The 29-year-old from Oslo carded a closing round of 69 for an aggregate of 11-under-par 273, one ahead of Spain’s Francisco Valera, and two in front of English pair David R Jones and Jeremy Robinson and Brian Nelson, of the United States.
Over the past four years Nielsen has been runner-up four times, and third once, so it was with feeling and much relief that he said: “I can’t describe what this means to me. What a week it’s been, what with Norway beating Brazil in the World Cup and now this.
“I was really confident over the front nine but when I bogeyed the tenth and 11th I got a bit tense. But I managed to clinch another birdie at the 15th and parred my way in. Now I can relax a bit over the rest of the season and the results will come.”
At one stage in the afternoon a four-way play-off looked likely with Nielsen, Robinson, Valera and Roger Winchester all on ten under par. Valera, with a 66, set the clubhouse target but Robinson failed to match it as he missed from three feet for par at the last while Nielsen’s 15th hole birdie put him ahead.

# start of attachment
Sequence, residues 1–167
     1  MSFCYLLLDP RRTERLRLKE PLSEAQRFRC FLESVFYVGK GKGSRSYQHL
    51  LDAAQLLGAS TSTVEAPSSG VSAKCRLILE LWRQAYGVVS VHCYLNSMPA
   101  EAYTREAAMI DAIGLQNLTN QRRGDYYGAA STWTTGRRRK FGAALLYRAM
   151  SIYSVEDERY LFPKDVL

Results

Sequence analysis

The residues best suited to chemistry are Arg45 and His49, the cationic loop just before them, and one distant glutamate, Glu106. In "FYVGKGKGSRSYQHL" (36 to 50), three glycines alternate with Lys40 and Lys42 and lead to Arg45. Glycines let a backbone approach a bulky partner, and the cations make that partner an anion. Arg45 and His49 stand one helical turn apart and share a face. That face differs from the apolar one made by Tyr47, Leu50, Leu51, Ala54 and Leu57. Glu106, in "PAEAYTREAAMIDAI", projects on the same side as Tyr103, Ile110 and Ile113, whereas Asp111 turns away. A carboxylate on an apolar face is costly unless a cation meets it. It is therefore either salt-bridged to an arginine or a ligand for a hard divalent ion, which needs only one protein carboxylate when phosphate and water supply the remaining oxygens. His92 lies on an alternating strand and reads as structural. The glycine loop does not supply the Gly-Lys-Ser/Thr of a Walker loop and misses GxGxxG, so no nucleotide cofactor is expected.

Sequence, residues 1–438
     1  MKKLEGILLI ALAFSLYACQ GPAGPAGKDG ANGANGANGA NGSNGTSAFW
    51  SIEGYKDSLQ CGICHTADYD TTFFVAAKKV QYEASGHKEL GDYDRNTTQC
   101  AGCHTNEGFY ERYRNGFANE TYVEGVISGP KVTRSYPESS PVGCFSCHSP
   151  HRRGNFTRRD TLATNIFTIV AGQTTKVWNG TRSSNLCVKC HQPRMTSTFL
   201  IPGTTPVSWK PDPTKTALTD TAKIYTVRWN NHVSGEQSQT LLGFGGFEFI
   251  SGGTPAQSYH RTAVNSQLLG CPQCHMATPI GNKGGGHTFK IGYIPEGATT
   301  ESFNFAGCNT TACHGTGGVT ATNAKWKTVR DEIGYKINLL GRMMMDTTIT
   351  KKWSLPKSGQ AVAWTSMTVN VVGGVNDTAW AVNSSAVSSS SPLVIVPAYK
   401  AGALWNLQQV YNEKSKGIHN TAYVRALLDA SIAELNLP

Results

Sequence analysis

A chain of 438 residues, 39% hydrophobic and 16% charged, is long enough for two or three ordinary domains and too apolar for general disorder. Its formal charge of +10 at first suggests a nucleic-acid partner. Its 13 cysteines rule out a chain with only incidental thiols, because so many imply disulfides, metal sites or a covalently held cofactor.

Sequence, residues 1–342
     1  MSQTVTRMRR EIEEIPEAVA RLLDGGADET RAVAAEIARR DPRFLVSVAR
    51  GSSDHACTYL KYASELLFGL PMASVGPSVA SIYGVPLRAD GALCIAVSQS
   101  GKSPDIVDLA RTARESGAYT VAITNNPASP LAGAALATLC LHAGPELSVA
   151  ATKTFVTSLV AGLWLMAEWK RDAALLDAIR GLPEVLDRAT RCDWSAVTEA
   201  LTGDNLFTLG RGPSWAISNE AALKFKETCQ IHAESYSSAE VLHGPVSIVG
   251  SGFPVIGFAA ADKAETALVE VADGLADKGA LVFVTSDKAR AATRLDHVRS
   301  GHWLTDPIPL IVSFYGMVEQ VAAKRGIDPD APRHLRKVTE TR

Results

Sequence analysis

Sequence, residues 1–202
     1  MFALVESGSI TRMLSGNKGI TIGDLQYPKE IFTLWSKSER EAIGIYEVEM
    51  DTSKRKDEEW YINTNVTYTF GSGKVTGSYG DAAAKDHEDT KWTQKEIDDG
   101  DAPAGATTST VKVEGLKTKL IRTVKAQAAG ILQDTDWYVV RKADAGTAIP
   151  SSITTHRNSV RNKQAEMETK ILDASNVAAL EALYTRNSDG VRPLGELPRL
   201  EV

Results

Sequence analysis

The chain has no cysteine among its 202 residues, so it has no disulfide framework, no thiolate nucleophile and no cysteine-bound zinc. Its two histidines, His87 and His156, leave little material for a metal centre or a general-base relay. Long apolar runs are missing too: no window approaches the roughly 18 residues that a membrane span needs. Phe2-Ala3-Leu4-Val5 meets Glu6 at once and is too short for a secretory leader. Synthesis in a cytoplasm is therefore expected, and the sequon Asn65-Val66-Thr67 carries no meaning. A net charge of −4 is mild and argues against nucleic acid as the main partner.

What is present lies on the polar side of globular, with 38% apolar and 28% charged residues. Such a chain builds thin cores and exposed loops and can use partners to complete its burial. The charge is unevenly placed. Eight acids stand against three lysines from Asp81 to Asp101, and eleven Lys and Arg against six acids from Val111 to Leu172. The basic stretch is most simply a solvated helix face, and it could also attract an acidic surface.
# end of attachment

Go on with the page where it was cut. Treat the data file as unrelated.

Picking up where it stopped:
Winchester, partnering Nielsen in the last match out, was ahead at one stage but a back nine of 41 with five bogeys, including one at each of the last three holes, for a 73, dropped him back into a tie for sixth place on 277.
In a week of non-stop sunshine and temperatures in the nineties, Nielsen’s overdue success was based on brilliant putting on superb greens. He did not three-putt in 72 holes and almost treated the local gallery to a storming finish when his 40-foot birdie attempt at the last stopped on the lip.
For Jones, it was his fifth top-ten finish in ten tournaments while young Scot, Steven Young, broke free from a miserable run of five missed cuts in six attempts with a closing 70 for a total of 277.
But this was Nielsen’s week although Surrey-based Finn, Pauli Hughes, carded a course record 63 in the second round while Ben Tinning holed a six iron from 176 yards for an albatross on the 486-yards 14th in round three.
In Italy, a birdie-three at the first extra hole, the 18th, saw Pehr Magnebrant of Sweden pip Australia’s John Senden to win the Open dei Tessali. Both had finished on eight-under-par 276, five ahead of the rest of the field, Senden having carded a 68 to catch Magnebrant, who finished with a 71.
They were level with two holes to play, then the Swede edged ahead when Senden bogeyed the 17th. A birdie at the last allowed the Australian to force the play-off but he was unable to repeat it at the first extra hole and Magnebrant clinched his first title in eight years with a birdie of his own.